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CPAP Compliance

Written by Elizabeth Rausch-Phung Staff Writer
Reviewed by Gerard Meskill Medical Reviewer
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Whether you’re just getting started using a continuous positive airway pressure (CPAP) machine or have been using one for a while, CPAP compliance is important to make sure you’re getting the most you can out of your sleep apnea treatment. If you don’t use your CPAP as often as your doctor recommends, then your symptoms may not improve or may return back to their original severity.

About half of all people who were prescribed CPAP machines use them for less than four hours per night, while the best evidence for reducing cardiovascular risk was demonstrated with 6+ hours per night. Some people who have difficulty tolerating CPAP therapy may feel more comfortable after making adjustments to their mask or to their machine settings. If you experience difficulties using a CPAP, talk with your doctor to find a solution that works for you.

What Is CPAP Compliance?

CPAP compliance is the number of hours per night and nights per week that an individual uses their CPAP machine. Some sleep experts also call CPAP compliance “CPAP adherence”.

Most CPAP machines measure the amount of time that they are on and that an individual wears the mask, but some older machines only measure how long the machine is on. These older machines may overestimate CPAP compliance. For example, if a person takes off their mask but leaves the machine running, an older machine may record that time as CPAP compliance.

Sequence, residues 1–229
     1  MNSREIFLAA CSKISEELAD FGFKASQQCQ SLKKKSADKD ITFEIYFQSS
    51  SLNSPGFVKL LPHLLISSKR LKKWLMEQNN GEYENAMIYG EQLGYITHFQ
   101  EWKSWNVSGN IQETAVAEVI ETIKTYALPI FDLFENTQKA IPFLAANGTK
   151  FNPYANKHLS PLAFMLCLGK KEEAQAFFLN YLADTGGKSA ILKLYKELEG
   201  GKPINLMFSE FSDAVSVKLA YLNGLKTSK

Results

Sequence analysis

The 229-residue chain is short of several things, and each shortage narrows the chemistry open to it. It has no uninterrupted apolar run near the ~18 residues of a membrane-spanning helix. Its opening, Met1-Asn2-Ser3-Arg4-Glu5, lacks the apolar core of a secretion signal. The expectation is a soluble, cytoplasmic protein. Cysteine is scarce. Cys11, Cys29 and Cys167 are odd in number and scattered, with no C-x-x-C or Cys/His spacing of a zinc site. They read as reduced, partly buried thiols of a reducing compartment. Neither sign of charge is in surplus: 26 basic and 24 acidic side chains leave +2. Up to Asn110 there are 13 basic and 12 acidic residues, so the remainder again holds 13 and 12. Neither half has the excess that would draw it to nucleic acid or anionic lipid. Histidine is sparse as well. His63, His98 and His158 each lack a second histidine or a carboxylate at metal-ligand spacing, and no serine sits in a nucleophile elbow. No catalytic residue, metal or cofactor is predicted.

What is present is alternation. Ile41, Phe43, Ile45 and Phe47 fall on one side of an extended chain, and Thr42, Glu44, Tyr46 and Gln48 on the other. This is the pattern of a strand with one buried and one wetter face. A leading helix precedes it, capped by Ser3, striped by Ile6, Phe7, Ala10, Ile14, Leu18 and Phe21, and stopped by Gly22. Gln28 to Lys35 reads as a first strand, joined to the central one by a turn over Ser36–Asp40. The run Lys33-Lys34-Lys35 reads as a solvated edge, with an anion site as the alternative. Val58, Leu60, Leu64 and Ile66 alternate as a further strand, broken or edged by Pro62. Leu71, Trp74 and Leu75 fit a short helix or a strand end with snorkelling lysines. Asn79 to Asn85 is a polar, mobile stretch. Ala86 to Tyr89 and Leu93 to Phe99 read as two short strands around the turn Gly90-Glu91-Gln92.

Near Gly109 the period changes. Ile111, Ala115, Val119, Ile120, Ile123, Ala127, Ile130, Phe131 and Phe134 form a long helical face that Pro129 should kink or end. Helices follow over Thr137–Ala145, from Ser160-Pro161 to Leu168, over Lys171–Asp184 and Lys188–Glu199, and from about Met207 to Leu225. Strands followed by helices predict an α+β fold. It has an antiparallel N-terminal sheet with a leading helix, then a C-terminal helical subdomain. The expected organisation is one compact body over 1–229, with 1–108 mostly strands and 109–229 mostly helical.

Most insurance companies in the United States consider people who use their CPAP machine for at least four hours per night and at least five nights per week to be compliant. However, studies have found that people who used their CPAP for more hours had greater improvements in their sleep apnea symptoms and risk factors. Talk to your doctor about how much you should use your CPAP.

Why CPAP Compliance Matters

CPAP compliance is important because when people with sleep apnea use their CPAP machine for more hours, they receive more improvements to their health and symptoms. Studies have found many benefits to CPAP compliance:

  • Less daytime sleepiness
  • Improved memory
  • Higher quality of life
  • Improved daily functioning
  • Lower blood pressure
  • Fewer motor vehicle accidents

Early CPAP compliance is important for long-term treatment success. People who routinely use their CPAP machine as recommended during their first three months of treatment are more likely to still be using their CPAP machine over the coming years. 

However, this does not mean that you should give up if you were not successful in your first three months. “Many times non-compliant CPAP stems from one or more treatment variables being wrong, rather than from lack of will power,” explains Dr. Gerard Meskill. “The initial pressure at the beginning of the night, the pressure range throughout the night, the mask type and fit, the humidifier settings, and the exhalation relief setting can all impact a patient's ability to tolerate CPAP therapy. These devices aren't just plug and play, and you cannot ‘just get used to it' if the settings are incorrect. Patients should seek a sleep specialist who is experienced in managing all of these variables.” Talk to your doctor early if you have any discomfort or side effects while using your CPAP machine. 

People whose symptoms do improve while using a CPAP machine may notice that their symptoms return soon after they stop or reduce CPAP use. Research has found that reducing CPAP use is linked to an increased apnea-hypopnea index (slowing or stopping breathing during sleep), more daytime sleepiness, and higher blood pressure and pulse rate.

Understanding a CPAP Compliance Report

Most CPAP machines can create reports with information on CPAP compliance, effectiveness, and air leaks, as well as more detailed reports with additional information. These reports can be downloaded using Wi-Fi, modem, or a digital data card.